Chapter 2a: Interview Questions & Answers

Before we dive into the 8 major interview questions and answers. Let’s talk about how to answer them. These are tough questions to answer for fresh graduates and seasoned managers. I use a very specific methodology.

I use this method to answer almost every interview question.

Two types of interview questions:

  1. Behavioral Questions – These are the “Tell me about a time when” questions. Everything else. These are common during the first phone interviews with HR.
  2. Everything else – I like to make things simple 🙂

Let’s dive into how to answer behavioral questions.

Behavioral Questions

Anytime the questions start off with “Can you tell me about a time when?” these are behavioral questions. They are often awkward, but unavoidable. These are typical examples from my experience:

  • Tell me about a time when you didn’t get along with a manager. How did you handle it?
  • Tell me about a time where you failed at something.
  • Tell me about a time when you were in a group that wasn’t performing.

So how do you answer these types of questions?

The biggest piece of advice I can give is to provide a specific example that you encountered. It is the absolute kiss of death if you start to talk about what you would do. Don’t talk about what you would do. Nobody cares. They want to know what you did.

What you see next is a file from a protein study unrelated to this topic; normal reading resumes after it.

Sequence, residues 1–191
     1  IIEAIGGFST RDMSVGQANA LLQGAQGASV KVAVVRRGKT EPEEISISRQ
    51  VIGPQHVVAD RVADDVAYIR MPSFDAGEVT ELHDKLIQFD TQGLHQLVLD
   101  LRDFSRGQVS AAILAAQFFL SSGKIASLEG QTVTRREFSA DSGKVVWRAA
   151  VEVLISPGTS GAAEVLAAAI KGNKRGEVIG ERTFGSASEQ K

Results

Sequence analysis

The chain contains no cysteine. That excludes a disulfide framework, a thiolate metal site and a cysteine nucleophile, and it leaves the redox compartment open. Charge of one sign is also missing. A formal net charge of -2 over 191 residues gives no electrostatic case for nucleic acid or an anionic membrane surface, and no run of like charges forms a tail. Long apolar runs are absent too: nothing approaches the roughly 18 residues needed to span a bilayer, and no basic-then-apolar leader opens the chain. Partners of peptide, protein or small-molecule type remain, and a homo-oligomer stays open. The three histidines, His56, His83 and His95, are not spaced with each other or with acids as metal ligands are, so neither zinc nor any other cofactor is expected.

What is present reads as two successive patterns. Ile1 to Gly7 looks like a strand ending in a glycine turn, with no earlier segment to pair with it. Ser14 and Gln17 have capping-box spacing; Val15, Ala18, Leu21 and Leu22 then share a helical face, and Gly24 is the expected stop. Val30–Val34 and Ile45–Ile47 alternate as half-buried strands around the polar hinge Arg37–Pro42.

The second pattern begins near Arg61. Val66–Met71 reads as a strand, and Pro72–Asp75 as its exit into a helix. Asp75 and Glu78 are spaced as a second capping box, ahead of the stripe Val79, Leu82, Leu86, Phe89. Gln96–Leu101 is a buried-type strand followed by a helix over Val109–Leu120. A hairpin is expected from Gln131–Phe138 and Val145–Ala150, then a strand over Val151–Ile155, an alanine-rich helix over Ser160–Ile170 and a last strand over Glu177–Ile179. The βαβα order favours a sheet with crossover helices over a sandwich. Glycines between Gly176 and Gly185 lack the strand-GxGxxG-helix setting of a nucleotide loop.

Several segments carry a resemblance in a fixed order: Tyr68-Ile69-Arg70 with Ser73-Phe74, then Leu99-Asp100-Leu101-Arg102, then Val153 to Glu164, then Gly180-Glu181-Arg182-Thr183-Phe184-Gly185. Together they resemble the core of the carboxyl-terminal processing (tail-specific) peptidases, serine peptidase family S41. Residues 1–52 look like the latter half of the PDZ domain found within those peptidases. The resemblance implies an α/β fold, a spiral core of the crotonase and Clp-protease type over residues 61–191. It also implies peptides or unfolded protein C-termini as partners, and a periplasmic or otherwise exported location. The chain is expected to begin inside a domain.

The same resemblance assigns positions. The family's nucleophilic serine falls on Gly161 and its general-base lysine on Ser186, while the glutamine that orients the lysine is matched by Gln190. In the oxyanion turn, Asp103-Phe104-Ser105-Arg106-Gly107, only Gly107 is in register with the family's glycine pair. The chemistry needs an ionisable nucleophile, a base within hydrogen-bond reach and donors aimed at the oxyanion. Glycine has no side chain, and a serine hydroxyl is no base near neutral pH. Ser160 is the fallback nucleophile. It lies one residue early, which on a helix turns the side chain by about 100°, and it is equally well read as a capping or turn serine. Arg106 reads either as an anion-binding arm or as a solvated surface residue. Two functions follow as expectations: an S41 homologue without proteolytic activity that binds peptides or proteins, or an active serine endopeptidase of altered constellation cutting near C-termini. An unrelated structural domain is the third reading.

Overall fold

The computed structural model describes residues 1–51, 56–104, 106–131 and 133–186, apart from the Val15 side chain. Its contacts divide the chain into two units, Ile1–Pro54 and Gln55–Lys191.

If you find yourself giving a general example, stop yourself and think about other examples.

Pro-tip: have about 4-7 situations prepared in your mind already that you can talk about. Then you can take one these situations and customize it for the interview question.

For behavioral questions, I also follow the STAR method religiously.

It’s called the STAR method for a reason.

Situation or Task – The particular situation that you encountered. Usually, this situation involves some drama or something going wrong.
Action – What you did to remedy the situation. Not your group member. You.
Result – What was the outcome.

Seems simple enough, right?

Here’s an example:

Question: Robbie, can you tell me about a time that a project wasn’t going well? I’d like to hear more about how you handle stressful situations.

Answer: Great question Tom!

“I was brought in to manage a project that was severely short staffed and had no clear project deadlines. On top of that, there was a lot of turnover at the client, and this made everything that much harder.

The first thing I did was make sure I understood the scope of the project. I heard many different versions of what was supposed to be the project, but no one gave me a straight answer. I put together a presentation of my findings, and I presented it to the executive board. The board then gave me insight on what the real scope was.